Phree Stylus Can Digitally Write On Any Surface

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Like any other stylus pens, you can use Phree to hand-scribble anything you want on a digital display.  Unlike them, you don’t need to put the pen tip against a touchscreen or a drawing tablet during use, allowing you to write, draw, and doodle on practically any surface.

Want to draw something on an app while the tablet is still charging on the speaker dock?  Not a problem.  Just launch a compatible app, leave the tablet on the stand, and sketch what you want on the desk instead.  Heck, sketch it on your palm, on the wall, or whatever other surface you want.  This same functionality, by the way, will also let you trace whatever you want from books, magazines, and other printed matter, old-school style.

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Phree uses a patented 3D laser interferometer sensor called Optical Translation Measurement (OTM) to enable writing on any surface, tracking the relative motion of the pen by measuring the interference signal between a laser projected on the surface and the reflections from the same surface.  During use, it pairs with any device over Bluetooth, functioning much like any stylus, complete with pressure sensitivity for enabling varying width lines during writing.  Since it’s designed for use even with the phone or tablet a short distance away, it comes with its own graphical touchscreen display, allowing you to perform context-sensitive interaction with compatible apps, as well as receive notifications (messages and phone calls).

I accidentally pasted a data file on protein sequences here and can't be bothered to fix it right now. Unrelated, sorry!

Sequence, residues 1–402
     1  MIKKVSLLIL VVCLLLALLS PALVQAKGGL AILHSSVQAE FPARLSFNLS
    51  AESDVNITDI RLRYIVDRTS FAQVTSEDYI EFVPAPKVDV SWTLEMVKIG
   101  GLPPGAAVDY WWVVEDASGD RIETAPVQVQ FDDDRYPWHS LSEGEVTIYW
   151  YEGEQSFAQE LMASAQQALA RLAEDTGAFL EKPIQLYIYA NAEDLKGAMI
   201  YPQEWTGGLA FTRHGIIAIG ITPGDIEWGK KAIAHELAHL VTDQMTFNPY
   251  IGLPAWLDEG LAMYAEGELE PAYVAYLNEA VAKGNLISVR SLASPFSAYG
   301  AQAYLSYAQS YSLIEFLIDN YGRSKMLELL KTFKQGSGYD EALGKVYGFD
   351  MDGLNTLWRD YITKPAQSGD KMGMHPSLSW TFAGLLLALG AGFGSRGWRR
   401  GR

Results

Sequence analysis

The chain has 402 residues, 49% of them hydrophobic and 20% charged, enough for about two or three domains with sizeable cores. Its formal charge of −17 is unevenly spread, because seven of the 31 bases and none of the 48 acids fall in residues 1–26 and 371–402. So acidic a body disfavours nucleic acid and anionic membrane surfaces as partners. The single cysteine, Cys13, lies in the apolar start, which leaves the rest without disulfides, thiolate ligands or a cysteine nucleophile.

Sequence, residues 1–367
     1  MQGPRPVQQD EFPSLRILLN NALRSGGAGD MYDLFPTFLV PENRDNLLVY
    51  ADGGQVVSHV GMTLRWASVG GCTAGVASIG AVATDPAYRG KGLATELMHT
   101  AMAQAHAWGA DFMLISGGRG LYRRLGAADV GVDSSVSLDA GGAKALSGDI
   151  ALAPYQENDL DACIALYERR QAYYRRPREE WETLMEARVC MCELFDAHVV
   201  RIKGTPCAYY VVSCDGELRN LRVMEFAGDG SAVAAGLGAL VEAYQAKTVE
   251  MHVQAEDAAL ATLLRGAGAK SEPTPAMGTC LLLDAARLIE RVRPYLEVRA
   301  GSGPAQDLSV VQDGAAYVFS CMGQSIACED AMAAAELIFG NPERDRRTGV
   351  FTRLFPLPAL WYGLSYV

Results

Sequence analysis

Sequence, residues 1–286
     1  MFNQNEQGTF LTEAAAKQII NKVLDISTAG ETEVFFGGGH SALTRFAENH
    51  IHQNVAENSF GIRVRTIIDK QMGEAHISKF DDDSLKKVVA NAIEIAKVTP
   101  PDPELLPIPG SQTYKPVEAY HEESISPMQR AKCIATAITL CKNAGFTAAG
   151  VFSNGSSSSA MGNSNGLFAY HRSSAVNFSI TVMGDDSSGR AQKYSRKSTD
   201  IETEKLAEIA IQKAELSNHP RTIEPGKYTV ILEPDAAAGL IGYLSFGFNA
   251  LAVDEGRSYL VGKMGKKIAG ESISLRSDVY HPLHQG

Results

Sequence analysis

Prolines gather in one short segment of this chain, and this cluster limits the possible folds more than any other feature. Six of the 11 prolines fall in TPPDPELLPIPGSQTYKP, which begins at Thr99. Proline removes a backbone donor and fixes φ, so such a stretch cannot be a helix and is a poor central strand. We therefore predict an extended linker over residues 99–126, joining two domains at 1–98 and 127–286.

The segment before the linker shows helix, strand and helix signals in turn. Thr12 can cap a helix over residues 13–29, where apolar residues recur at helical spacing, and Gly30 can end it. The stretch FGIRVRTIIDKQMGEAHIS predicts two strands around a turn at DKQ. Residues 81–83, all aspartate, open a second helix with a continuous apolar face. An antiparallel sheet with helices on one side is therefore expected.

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Dimensions are 142 x 18 x 8.5 mm for the pen, with a design that fits both left- and right-handed users.  Not only will it work on mobile platforms (Android and iOS), the stylus can pair with Windows, OSX, and Linux PCs, too, although the strokes will only register on compatible apps.

A Kickstarter campaign is currently running for Phree.  Pledges to reserve a unit starts at $219.

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2 Responses

  1. Maddie

    I didn’t even know something like this was possible! I don’t know if it useful, but it sure is neat.

    Reply
  2. William

    This is pretty neat, but I can’t think of a logical purpose for it. I’ve seen the digital drawing in the boards in the past with friends whom actually are really into Art, but nothing outside of that. This reminds me of the infrared trajectory keyboard device from Brookstone. If they can manage to get this technology and pen to transfer written letters and words into messages and emails, I’d be more interested.

    Reply

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